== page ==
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By Natalie Acosta
Every time I open my news feed on Facebook I read hopelessness everywhere. Publications from the most popular newspapers and the comments people make on them all reflect a very common sense of despair about the situation in Honduras.
Whenever I talk with a taxi driver, or the lady that sells groceries at her pulperia (Honduran word for mini market), I get a feeling of how much they’ve lost their faith in change. And I don´t blame them. Despite the fact that statistics show that corruption and homicide levels have decreased in Honduras, people don´t feel like it´s actually happening.
Turning on the radio station to listen to politicians while they promise “Honduras is changing” seems quite discouraging when you don’t feel safe while you walk on the streets or whenever you still hear about small businesses forced to close their doors due to extortion from gangs.
Often this hopelessness is based on the reality that people are living. How can we call a woman hopeless when she’s a single mother with five children to feed and can’t find a job anywhere? How can we call a young migrant hopeless when he leaves the country to save his life from gangs who threaten to kill him? We should ask ourselves, am I just preaching hope, or am I doing something to bring hope to people?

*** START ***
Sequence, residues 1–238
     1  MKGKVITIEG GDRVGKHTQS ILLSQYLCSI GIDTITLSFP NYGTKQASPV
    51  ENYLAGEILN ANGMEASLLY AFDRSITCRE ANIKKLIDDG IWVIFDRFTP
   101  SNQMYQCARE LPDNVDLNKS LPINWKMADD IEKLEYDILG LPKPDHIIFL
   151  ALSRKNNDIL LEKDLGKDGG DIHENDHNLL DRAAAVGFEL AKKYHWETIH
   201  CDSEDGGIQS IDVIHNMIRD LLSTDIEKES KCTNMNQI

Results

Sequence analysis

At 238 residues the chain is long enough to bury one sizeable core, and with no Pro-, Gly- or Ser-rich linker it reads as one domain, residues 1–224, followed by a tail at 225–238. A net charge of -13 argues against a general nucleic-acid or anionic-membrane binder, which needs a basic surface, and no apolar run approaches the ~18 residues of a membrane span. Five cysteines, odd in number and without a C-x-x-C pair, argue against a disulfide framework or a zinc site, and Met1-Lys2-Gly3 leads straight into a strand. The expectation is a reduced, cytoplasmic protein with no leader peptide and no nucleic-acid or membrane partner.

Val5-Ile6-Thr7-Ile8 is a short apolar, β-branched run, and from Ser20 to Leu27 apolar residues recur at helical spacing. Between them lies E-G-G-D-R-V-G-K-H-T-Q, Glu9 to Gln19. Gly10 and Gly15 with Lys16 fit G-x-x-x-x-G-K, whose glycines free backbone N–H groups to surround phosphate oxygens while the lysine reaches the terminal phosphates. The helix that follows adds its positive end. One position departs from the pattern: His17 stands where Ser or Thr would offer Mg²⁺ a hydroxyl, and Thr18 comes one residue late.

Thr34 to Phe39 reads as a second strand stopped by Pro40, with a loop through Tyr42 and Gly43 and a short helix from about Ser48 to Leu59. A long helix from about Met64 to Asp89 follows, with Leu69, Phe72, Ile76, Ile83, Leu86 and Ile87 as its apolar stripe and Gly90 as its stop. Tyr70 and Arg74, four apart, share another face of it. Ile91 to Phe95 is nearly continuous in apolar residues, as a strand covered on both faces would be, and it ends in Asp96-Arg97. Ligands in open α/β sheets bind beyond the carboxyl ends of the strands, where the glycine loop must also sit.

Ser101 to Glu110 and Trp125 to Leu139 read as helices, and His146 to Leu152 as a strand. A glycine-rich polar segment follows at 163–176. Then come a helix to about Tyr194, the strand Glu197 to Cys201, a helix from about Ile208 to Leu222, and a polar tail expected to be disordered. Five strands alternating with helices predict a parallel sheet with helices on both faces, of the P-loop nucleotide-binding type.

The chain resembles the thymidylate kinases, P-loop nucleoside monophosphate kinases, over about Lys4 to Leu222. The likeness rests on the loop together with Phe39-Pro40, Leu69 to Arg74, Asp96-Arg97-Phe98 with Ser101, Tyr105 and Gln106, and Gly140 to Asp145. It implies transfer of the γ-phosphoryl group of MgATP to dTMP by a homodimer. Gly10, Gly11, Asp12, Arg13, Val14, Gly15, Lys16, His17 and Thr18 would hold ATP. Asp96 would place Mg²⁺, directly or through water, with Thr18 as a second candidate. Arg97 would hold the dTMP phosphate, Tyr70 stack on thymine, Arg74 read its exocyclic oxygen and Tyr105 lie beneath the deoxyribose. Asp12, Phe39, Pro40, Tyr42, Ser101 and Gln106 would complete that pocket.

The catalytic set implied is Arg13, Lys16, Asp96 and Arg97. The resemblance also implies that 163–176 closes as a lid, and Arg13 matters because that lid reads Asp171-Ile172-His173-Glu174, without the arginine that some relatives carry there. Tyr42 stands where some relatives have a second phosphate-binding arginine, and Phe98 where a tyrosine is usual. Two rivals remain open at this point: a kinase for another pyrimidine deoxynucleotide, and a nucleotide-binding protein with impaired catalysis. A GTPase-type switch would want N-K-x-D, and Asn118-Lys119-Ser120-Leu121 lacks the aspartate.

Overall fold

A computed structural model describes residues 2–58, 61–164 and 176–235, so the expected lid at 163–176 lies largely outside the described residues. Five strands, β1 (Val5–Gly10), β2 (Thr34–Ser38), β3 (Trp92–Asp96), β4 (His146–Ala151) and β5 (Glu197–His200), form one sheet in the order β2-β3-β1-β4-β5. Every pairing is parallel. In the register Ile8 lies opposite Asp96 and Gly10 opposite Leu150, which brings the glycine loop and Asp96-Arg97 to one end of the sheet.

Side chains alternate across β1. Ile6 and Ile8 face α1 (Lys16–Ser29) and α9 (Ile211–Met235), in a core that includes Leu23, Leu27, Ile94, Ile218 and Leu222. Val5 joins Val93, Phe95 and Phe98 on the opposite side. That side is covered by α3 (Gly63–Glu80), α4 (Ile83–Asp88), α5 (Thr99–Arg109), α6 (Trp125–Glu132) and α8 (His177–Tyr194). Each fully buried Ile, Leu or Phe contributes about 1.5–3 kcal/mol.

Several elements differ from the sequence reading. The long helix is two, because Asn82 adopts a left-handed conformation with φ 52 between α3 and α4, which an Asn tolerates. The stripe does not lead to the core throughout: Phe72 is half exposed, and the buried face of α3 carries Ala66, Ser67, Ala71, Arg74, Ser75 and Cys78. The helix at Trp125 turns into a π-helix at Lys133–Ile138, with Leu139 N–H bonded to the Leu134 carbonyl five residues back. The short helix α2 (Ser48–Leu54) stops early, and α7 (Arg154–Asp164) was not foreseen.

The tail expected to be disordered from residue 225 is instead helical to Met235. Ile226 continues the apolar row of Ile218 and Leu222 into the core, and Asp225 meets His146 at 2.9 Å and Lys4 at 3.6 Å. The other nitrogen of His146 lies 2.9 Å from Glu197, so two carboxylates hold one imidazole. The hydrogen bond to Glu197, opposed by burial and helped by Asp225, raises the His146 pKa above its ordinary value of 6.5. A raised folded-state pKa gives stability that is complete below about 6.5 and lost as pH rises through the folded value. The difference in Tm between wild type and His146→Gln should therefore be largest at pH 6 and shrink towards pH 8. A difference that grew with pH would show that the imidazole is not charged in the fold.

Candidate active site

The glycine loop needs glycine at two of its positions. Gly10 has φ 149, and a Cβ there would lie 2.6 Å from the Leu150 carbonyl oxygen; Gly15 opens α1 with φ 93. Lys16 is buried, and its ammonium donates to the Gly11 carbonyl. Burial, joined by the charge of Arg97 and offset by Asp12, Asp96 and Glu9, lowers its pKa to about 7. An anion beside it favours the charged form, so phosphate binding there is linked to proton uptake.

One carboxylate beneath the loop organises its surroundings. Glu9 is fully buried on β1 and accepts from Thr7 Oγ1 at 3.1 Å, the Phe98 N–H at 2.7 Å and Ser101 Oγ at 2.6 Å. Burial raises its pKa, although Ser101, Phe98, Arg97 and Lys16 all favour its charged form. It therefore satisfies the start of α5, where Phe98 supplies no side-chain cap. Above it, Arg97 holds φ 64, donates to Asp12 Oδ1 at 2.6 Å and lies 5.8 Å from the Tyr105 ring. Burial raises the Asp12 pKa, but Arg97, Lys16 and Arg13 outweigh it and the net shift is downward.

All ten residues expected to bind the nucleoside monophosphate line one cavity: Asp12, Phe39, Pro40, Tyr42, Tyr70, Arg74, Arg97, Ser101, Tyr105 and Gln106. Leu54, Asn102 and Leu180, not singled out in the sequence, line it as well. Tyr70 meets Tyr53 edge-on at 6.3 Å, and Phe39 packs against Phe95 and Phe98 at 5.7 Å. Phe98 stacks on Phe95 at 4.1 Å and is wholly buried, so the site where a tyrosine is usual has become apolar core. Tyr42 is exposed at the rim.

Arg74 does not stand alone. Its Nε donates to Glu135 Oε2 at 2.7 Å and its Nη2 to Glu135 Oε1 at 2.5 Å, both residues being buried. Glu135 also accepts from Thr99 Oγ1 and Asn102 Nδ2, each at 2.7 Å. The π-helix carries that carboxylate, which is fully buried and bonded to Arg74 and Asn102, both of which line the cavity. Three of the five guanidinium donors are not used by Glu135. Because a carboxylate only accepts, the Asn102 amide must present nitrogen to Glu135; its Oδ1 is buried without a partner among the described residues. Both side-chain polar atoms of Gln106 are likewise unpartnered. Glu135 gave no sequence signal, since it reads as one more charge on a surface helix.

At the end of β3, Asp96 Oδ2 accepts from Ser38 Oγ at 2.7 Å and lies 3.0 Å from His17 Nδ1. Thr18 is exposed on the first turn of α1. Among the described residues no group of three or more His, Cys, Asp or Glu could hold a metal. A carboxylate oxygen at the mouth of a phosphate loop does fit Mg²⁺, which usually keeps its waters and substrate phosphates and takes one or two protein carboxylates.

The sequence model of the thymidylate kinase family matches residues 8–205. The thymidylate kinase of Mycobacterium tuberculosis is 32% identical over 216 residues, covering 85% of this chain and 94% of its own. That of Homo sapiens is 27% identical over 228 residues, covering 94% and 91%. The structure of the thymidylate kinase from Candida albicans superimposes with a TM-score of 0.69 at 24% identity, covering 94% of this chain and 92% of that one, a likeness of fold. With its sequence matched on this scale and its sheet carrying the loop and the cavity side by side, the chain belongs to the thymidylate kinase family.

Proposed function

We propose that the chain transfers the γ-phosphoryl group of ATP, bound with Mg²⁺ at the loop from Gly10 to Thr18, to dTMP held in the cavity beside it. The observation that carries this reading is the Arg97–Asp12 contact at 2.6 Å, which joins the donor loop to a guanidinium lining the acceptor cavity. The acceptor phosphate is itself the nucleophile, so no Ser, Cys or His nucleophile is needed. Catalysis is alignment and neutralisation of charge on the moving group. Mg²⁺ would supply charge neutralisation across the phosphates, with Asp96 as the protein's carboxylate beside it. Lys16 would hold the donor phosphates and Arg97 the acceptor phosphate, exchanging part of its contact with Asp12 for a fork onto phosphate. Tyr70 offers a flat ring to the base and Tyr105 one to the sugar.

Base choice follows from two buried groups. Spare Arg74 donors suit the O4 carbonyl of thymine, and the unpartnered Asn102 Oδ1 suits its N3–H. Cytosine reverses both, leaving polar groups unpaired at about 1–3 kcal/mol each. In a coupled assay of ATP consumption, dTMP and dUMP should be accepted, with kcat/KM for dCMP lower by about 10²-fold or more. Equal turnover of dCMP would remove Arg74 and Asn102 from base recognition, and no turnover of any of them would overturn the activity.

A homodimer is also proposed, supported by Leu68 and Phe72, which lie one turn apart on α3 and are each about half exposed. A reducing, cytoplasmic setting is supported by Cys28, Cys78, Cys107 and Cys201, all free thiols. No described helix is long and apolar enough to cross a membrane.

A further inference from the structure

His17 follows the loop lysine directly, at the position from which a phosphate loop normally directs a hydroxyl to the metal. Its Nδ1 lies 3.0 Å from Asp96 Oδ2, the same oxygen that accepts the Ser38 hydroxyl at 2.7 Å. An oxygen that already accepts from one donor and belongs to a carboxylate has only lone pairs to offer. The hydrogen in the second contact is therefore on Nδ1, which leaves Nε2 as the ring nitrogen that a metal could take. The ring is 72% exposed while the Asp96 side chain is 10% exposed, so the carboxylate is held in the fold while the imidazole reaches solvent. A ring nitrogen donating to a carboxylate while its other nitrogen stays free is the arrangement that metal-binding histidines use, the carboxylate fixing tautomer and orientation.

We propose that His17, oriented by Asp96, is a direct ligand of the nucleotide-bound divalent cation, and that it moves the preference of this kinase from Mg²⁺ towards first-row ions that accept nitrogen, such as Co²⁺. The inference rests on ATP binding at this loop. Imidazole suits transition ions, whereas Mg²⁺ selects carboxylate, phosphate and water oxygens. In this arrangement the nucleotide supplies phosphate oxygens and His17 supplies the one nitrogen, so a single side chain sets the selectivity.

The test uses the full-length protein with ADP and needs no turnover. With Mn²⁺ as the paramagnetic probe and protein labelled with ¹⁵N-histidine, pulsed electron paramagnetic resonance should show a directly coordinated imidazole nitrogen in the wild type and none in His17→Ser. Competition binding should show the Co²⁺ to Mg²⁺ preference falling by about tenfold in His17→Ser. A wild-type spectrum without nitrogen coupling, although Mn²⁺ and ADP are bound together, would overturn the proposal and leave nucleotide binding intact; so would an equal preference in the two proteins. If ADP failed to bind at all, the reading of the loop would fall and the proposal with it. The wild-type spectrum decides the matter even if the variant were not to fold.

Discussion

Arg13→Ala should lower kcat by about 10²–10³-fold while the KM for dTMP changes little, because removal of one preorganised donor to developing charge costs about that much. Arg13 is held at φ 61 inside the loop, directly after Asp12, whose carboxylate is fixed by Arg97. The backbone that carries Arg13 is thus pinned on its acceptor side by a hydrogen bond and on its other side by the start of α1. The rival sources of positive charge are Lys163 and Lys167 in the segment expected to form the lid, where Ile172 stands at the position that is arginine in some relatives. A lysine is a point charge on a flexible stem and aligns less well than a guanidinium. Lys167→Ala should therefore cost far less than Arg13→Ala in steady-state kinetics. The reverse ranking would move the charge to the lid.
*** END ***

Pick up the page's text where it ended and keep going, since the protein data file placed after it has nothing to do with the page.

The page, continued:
What am I doing to bring hope to their hearts?
Whenever people ask me what do I do for a living and I tell them I’m part of a Christian NGO called the Association for a more Just Society (AJS), I receive many different reactions. With all the difficulties in the country, some think our cause is very unrealistic.
Working for a more just society in a country with so many inequalities must be tough, crazy or impractical. But my favorite part of my job is telling people that it’s possible. Once I start giving details about our programs and the impact they’ve had in thousands of lives around the country, people’s perspectives slowly start to shift. Suddenly, our “unrealistic mission” as brave Christians leading changes to make Honduran government systems work becomes appealing. I bet there´s not a single Honduran who despite their personal experience or distrust in government systems, wouldn’t feel more optimistic once they hear our stories.